- Monitor your restaurant staff for any symptoms of Hepatitis A. Symptoms may not appear for as long as two months after exposure to the virus, so it's imperative you be vigilant for the ensuing 60 days following a Hepatitis A diagnosis on staff.
- Educate your staff in proper hand washing and sanitation procedures. Place signage around your restaurant that illustrates proper hand washing and sanitation procedures. Reinforce this protocol always be practiced.
- Allow the infected employee to return to work only after receiving a medical release from an attending physician and after consulting with your local health department.
Bouncing back from a reported Hepatitis A case can be difficult, both for the ailing employee and for your brand. There is an unfounded stigma around Hepatitis A that suggests those affected must be maintaining a "risky" lifestyle or a dirty workplace. Since Hepatitis A is so easy to contract and spread, these stereotypes simply aren't true.
If your restaurant has made waves in the community or headlines in the press for a documented Hepatitis A case, it's important to be transparent with your staff, your customers, and the community at large.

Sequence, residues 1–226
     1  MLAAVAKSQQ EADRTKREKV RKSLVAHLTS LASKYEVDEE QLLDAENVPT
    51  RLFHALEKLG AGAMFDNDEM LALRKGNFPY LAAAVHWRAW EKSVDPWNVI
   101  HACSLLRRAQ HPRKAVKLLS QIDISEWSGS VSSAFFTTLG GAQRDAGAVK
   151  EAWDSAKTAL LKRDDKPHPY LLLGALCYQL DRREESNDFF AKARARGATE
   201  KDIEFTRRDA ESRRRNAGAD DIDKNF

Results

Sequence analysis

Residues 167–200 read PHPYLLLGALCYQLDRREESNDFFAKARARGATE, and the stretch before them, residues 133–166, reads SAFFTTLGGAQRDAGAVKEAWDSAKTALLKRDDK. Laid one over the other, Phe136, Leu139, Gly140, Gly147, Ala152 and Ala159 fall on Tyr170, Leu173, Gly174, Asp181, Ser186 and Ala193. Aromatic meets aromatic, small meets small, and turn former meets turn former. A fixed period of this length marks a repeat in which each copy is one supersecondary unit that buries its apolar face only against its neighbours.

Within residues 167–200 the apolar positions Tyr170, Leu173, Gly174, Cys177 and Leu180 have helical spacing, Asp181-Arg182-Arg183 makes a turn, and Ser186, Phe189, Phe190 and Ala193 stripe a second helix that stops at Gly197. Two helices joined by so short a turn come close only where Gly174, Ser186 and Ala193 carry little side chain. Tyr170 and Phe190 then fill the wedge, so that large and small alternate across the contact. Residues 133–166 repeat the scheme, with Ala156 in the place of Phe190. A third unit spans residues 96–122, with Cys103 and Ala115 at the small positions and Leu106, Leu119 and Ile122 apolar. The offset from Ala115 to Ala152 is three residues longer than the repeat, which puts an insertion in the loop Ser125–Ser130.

Using your restaurant's CRM platform, send a dedicated email to your entire customer base explaining what happened, the steps you've taken to ensure your entire restaurant – both customers and staff – is safe, and what you're doing to prevent another case of Hepatitis A from infecting your restaurant in the future.
Offer a redeemable coupon that entitles customers to one free menu item and one free conversation with the manager on duty, where customers are encouraged to ask questions and get to know your restaurant's management face to face.
If your community is experiencing higher than average reported cases of Hepatitis A, host an education event where members from the greater community can come and listen to experts speak about Hepatitis A, preventative measures, and how to keep their loved ones safe. By taking charge in the face of disaster and working to educate those around you on ways to protect themselves from Hep A, your brand will now be considered a proactive leader in the community who looks out for the health and wellbeing of all.
If you are curious whether your state is experiencing a higher than average rate of reported Hepatitis A, check out this list from Food Safety News. Unfortunately, The CDC does not make their list available to the public.
Again, if a member of your restaurant staff contracts Hepatitis A, contact your local health department immediately to learn about next steps and proper handling procedure.